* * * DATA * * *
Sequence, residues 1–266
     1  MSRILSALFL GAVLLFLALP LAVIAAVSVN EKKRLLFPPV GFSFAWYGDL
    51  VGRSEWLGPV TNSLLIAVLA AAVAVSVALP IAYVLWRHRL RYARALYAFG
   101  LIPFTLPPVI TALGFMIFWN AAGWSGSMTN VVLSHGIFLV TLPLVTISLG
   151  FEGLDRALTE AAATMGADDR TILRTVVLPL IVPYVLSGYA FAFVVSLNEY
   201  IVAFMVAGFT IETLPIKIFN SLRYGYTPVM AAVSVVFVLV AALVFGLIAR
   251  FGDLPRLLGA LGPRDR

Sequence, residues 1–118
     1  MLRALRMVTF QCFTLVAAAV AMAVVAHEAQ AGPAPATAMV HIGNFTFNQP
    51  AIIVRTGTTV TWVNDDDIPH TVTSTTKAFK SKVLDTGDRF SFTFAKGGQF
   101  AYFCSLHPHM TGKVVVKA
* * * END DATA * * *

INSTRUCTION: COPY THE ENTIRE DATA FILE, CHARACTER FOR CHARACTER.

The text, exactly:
Sequence, residues 1–266
     1  MSRILSALFL GAVLLFLALP LAVIAAVSVN EKKRLLFPPV GFSFAWYGDL
    51  VGRSEWLGPV TNSLLIAVLA AAVAVSVALP IAYVLWRHRL RYARALYAFG
   101  LIPFTLPPVI TALGFMIFWN AAGWSGSMTN VVLSHGIFLV TLPLVTISLG
   151  FEGLDRALTE AAATMGADDR TILRTVVLPL IVPYVLSGYA FAFVVSLNEY
   201  IVAFMVAGFT IETLPIKIFN SLRYGYTPVM AAVSVVFVLV AALVFGLIAR
   251  FGDLPRLLGA LGPRDR

Sequence, residues 1–118
     1  MLRALRMVTF QCFTLVAAAV AMAVVAHEAQ AGPAPATAMV HIGNFTFNQP
    51  AIIVRTGTTV TWVNDDDIPH TVTSTTKAFK SKVLDTGDRF SFTFAKGGQF
   101  AYFCSLHPHM TGKVVVKA